The APEAL project uses the LTER Network to study how research networks can improve public engagement strategies, offer insights from scientists and communities, and foster actionable plans to inspire change.

By Cristina Mancilla, Community Engagement Officer at the LTER Network Office

Often, the narrative around public engagement is one of vague commitments and good intentions, and although well-meaning, it also results in missed opportunities for positive impact. The LTER Network Advancing Public Engagement Across LTERs (APEAL) project asks scientists not only to consider, “What are we doing to engage the public?” but also “Why are we doing this? How will we know if we’re making a difference? and “How can we address the needs and interests of the community?”. 

The APEAL project is an evidence-based, in-depth case study that focuses on enhancing Public Engagement with Science (PES) strategies within STEM research organizations, using the LTER Network as a model. “LTER sites have a long history of building on one another’s accomplishments in information management, experimental design, and education,” says Marty Downs, director of the LTER Network Office. “The APEAL project seeks to harness the same creativity and community to improve engagement with science at the scale of groups and organizations.”  

The APEAL model is similar to how LTER sites share ecological data or methods. Approaches are developed and refined at individual sites, and successful initiatives are then expanded across the network to make a broad impact. 

Understanding what motivates public engagement and how public engagement strategy is formed at LTER sites stands to inform the work of other research networks and organizations. LTER sites are embedded in communities over years and decades, similar to many other mid-sized research networks. The long timeframe requires that initiatives align the efforts of a rotating cast of researchers—and the lessons from the APEAL project will help inform similar initiatives across science and beyond.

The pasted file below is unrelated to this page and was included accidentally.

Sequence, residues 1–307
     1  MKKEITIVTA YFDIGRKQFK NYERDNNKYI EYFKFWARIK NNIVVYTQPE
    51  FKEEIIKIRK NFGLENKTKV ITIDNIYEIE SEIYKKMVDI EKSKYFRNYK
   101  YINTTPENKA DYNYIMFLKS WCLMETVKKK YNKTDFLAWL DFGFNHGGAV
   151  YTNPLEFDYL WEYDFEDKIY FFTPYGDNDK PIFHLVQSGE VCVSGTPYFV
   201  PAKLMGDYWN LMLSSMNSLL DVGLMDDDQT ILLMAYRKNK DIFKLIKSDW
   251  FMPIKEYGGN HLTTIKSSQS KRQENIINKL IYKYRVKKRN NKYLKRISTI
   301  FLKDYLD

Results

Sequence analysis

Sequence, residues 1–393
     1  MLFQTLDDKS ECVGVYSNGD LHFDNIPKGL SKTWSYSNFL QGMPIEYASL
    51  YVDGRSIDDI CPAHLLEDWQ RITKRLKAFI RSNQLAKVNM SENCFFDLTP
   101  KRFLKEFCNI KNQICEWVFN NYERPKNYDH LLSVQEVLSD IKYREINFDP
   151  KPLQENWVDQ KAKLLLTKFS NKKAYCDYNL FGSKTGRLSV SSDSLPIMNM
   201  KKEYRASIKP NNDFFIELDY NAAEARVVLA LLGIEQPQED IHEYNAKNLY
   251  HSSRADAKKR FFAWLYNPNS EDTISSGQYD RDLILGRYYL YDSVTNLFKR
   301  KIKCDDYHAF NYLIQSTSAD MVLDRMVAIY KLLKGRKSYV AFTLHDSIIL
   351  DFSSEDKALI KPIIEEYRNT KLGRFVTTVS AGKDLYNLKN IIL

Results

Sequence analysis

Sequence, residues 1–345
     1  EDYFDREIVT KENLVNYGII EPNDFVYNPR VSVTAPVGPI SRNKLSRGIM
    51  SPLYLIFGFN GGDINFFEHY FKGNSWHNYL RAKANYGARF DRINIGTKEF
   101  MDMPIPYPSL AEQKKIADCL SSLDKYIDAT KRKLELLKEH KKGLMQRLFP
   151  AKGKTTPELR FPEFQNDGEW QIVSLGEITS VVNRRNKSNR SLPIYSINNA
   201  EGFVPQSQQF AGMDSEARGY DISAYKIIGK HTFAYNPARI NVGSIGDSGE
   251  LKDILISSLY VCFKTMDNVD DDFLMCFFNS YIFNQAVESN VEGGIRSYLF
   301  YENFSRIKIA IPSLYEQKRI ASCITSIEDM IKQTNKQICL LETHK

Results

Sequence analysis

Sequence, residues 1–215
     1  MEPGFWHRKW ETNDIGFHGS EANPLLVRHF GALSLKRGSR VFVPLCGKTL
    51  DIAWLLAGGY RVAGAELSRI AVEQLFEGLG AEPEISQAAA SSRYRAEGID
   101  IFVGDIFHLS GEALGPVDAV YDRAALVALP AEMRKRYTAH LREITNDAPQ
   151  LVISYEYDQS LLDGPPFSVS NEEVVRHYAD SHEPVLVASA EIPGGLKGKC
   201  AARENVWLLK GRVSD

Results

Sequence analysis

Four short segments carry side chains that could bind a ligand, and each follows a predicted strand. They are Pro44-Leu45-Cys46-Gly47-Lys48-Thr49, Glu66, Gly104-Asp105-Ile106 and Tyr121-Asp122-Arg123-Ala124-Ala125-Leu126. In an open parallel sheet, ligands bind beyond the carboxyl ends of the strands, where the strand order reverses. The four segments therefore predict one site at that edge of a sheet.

Understanding Scientists’ Views about Public Engagement

The first step of the project, launched in February 2023, was trying to understand where the LTER Network currently sits in regard to public engagement at sites. The APEAL research team conducted a network-wide survey of scientists’ overall PES views and experiences, including questions on what they think and believe about engagement, what they hope to accomplish by their efforts, and what would make them more willing to do public engagement. Of the list of 2,509 survey recipients, 433 scientists responded. Results from the survey show that scientists are willing to engage with a range of groups, but they are more likely to adopt a strategy and participate in community listening when there are perceived benefits for their LTER site and themselves. 

Case Studies at LTER Sites Advance PES Practice and Research

Effective engagement is grounded in two-way exchange, so the APEAL project also includes three case studies to understand how communities view and engage with their local LTER site.  To do this, APEAL researchers, along with a community liaison from each of the sites, conduct conversations with the community. The liaison also leads a participatory examination of community assets and interests.

Credit: Nancy Merlo, CC BY-SA 4.0.

Community Conversation session held to gather insights from the local community about their needs, interests, and perceptions about the Luquillo LTER program.

With an understanding of scientist and community perspectives, each case study site then begins strategic engagement planning which includes developing an actionable PES plan with clear goals, tactics, and objectives, that supports a data collection framework that allows for internal evaluation. 

This year, the team conducted their first case study with the Luquillo LTER program in Puerto Rico. After this year of interviews with site leadership, conversations with community liaisons from Amigos De El Yunque, and reflection, plus intense focus on their strategic PES plan, Luquillo has a clear direction for PES over the next 6 to 7 years. Chris Nytch, the Assistant Director of the Luquillo LTER program reflects on the process, “I knew that our LTER site had a lot to offer, but the interactions we’ve had with a diversity of partner groups have illuminated the tremendous potential for cultivating reciprocal collaborations from which LUQ can learn and benefit as well.”